“My favorite tool for communicating with my team throughout the workday is the Telegram messaging app. I message my team via Telegram up to four or five times a day to communicate updates and ask and answer questions. Since Telegram is an instant messaging app, it allows me to send media files, find past conversations, and receive notifications more quickly than other platforms such as e-mail. Telegram also has a useful feature that allows you to record and send a voice message by simply pressing, holding, and releasing a button. I use this feature when trying to communicate a message that I can explain better verbally than in writing. With Telegram, you can easily tell which of your contacts are online and when they were last active. This information is particularly useful to know when working remotely so that you can determine when might be the best time to message people who are located in a different time zone. Telegram has been a key part of my workflow, and I would recommend it to anyone who’s looking for an instant messaging app that’s user-friendly and convenient for the workplace.”
—Therese Schachner, Cyber Security Consultant, VPNBrains.com
“Our favorite tool is Discord. Although it was originally designed for gamers, Discord has proven to be very reliable in the business setting as well. I like that we can chat, organize projects and have video calls in the same tool. The interface is very intuitive and provides us with a lot of features such as assigning people roles, managing channels, and having high-quality video calls. Plus Discord is completely free to use which is another major convenience. These are all the reasons why we chose it over all other platforms. Since we started working remotely, we’ve been using Discord on a daily basis for all interactions.”
—Nick Chernets, CEO, Data for SEO
In order to improve team communications across teams that are not colocated, it’s important to use lightweight and easy to manage, yet secure tools that can be used across home networks and still robust enough to manage complex business communications. It’s also necessary to maintain and keep to established meeting schedules, but also give employees the tools they need to quickly schedule meetings and collaborate as necessary. Paired with CRM and project management platforms, effective communications tools can keep a team focused and on track relative to the business’s goals, regardless of the locations from which the team members are working.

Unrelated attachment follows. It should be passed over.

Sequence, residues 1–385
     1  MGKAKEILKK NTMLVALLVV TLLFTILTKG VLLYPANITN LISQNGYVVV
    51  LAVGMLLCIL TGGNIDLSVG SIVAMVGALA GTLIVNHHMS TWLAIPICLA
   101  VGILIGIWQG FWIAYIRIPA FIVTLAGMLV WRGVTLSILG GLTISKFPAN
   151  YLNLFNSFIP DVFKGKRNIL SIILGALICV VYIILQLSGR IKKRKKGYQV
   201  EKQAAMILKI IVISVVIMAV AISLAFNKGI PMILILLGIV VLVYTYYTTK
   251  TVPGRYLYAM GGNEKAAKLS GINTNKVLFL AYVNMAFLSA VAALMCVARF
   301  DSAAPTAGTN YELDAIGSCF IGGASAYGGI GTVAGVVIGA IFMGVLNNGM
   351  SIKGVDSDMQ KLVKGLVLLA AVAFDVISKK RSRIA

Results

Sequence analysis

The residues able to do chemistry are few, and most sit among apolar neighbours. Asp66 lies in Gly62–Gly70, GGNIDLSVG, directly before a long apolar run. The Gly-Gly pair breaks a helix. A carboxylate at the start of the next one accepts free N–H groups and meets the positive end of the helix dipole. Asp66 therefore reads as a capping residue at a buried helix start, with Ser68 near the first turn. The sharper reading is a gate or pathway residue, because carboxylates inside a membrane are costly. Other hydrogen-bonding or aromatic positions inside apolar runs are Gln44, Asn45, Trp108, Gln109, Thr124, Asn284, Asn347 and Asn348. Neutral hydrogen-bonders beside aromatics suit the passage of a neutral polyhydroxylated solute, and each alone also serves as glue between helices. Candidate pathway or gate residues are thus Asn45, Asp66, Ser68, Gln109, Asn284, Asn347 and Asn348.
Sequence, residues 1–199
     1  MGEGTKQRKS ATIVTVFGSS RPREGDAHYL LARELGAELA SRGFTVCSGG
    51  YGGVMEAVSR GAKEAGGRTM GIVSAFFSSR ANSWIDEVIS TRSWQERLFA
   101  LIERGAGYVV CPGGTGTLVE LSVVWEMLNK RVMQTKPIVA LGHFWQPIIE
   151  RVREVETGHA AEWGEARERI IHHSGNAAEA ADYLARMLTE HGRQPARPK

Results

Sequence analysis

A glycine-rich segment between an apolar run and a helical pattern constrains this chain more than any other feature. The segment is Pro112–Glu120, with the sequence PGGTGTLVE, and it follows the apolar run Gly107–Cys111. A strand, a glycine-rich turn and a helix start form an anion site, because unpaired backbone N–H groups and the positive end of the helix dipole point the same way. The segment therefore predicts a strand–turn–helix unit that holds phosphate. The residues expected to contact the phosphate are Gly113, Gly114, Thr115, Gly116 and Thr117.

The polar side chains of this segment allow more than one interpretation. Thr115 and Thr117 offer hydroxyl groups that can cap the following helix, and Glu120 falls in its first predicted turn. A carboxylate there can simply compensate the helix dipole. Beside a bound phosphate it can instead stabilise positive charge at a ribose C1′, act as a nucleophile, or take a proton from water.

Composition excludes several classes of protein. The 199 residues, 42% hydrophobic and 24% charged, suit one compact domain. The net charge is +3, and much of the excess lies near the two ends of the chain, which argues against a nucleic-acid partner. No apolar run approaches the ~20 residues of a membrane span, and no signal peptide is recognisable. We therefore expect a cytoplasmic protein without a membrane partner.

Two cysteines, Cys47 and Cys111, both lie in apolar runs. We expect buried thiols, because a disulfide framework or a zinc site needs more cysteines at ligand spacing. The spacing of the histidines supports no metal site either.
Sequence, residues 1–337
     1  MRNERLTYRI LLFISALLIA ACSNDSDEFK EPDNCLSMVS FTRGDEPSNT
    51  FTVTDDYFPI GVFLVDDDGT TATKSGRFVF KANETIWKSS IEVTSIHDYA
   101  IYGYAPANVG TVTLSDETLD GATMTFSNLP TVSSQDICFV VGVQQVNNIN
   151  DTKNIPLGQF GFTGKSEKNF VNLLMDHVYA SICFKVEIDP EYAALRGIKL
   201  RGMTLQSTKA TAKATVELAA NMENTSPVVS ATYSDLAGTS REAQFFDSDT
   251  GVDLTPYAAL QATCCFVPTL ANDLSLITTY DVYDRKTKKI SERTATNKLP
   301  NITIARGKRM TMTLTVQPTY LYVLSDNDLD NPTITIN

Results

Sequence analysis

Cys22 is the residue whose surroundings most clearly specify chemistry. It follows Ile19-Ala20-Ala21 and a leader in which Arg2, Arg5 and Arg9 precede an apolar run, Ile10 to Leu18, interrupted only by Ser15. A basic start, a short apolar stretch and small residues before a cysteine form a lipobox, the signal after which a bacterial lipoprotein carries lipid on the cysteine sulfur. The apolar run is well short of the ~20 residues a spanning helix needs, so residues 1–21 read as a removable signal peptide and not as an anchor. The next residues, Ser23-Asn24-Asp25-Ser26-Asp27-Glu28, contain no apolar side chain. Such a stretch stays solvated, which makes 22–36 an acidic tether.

43% of Business Owners and Employees Attend Team Zoom Calls Every Day
With the increasing need to improve remote communications across decentralized, remote teams, businesses are holding Zoom calls at an increasing pace. According to our respondents, a majority of teams are attending Zoom calls with their own teams or with clients and contacts on a daily basis. For those not attending daily meetings, 39% are still attending upwards of four video meetings a week.
• 43% – Every day
• 39% – 3-4 times a week
• 14% – 1-2 times a week
• 4% – I don’t attend team calls
With video calls and meetings an almost daily occurrence for most employees and business leaders, standards and etiquette have emerged around video conferencing that inform attendees on mistakes to avoid when hosting or attending a meeting.
- As with in-person meetings, only schedule a Zoom meeting when necessary. And as with in-person meetings, treat a video meeting as professionally as you would any other engagement with peers, managers, and clients.
- In order to properly utilize Zoom meetings as a proxy for in-person meetings, ensure you’re remaining engaged by leaving your video feed on and properly utilizing mute for effective and interactive engagement.
- Don’t monopolize the feed if a meeting is meant to be interactive; allow others to contribute to the conversation.
- Stay engaged with the live feed and don’t do other work on your screen.
- Properly format your meeting to ensure it remains secure and uninterrupted.
71% of Professionals Feel That The Transition to Work In-Person Again Will Be More Challenging Due to an Increased Amount of Virtual Meetings